Tapping on networks
In Deyi Secondary School, the teachers focused on building a positive classroom culture with the first batch of mixed-stream classes.
Back in 2019, teachers had raised questions at a staff engagement session about how students will get along, and whether students from the Normal courses might feel inferior or left out. Some also worried about how to engage students with different levels of academic readiness in the same classroom.
School Staff Developer Mrs Patty Gan shared, “In preparing for FSBB, we wanted to equip teachers with a positive mindset and the skills to make every student feel welcome and supported, regardless of their course. Fortunately, we had help!”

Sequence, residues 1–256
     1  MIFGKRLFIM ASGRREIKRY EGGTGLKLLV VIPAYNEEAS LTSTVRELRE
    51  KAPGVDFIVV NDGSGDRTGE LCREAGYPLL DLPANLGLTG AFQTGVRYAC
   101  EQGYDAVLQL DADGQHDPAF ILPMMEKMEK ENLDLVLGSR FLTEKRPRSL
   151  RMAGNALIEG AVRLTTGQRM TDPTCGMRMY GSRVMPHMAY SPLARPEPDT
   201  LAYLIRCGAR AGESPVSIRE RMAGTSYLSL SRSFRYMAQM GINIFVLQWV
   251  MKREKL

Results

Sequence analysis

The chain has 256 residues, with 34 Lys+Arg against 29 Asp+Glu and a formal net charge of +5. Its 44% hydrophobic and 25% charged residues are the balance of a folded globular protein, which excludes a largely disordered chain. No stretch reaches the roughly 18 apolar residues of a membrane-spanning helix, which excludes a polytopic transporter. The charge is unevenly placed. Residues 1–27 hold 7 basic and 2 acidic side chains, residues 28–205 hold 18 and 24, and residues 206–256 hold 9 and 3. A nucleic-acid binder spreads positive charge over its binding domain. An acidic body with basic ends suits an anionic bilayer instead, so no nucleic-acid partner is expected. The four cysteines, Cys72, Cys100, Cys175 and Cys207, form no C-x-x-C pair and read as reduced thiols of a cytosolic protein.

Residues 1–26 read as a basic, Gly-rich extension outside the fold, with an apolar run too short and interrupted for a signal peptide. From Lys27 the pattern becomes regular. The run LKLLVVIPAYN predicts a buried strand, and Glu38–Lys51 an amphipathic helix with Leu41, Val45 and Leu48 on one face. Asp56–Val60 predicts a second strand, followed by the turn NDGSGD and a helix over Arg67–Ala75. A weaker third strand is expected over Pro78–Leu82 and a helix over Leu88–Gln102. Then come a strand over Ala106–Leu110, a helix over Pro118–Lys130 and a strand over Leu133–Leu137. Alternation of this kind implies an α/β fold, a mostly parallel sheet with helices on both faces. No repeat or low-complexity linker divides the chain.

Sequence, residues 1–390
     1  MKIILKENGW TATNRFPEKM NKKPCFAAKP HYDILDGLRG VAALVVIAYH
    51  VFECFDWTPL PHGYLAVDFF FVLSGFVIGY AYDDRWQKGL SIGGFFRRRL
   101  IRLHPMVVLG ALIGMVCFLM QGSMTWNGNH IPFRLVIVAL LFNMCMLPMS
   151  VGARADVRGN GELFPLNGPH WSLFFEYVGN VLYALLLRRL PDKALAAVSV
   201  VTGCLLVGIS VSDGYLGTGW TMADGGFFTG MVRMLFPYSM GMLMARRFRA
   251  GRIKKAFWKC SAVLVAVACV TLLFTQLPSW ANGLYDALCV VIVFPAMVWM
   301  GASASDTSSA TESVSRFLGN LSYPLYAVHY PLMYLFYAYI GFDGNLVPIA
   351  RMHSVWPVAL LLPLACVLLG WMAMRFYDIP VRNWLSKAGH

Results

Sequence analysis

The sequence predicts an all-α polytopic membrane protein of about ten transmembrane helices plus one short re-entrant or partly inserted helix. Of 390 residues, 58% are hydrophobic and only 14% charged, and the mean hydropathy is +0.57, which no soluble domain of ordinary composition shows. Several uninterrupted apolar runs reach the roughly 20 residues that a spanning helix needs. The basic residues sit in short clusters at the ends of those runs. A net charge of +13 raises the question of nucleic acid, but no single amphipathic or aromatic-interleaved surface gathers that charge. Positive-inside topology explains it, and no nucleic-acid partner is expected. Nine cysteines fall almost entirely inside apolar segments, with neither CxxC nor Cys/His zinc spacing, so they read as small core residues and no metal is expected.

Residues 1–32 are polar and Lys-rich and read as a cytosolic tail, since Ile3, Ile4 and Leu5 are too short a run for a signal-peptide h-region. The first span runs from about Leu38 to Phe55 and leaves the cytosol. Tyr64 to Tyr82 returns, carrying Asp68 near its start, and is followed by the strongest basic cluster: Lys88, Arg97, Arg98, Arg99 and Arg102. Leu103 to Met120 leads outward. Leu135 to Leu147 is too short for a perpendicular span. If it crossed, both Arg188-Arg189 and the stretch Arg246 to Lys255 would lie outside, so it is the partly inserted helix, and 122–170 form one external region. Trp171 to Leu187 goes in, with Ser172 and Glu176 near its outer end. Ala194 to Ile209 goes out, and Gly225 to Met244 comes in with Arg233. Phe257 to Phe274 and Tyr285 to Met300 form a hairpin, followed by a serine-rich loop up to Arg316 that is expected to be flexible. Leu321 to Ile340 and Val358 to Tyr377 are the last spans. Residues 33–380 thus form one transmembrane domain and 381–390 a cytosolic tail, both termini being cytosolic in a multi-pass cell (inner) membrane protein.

The school partnered with a master teacher from the Academy of Singapore Teachers to conduct training in facilitation skills and strategies to foster a positive class culture. For example, to encourage students to take ownership of their learning, the form teachers allowed each class to write their own class rules and routines. This resulted in some unexpected gems – one class came up with a chant that they performed every morning to remind each other of their class rules!
The Sec 1 form teachers started the year with rapport building through a level camp. They also intentionally appointed students from all three courses to their class committee, so that they could help manage conflicts in the class, and reinforce the belief that everyone can lead.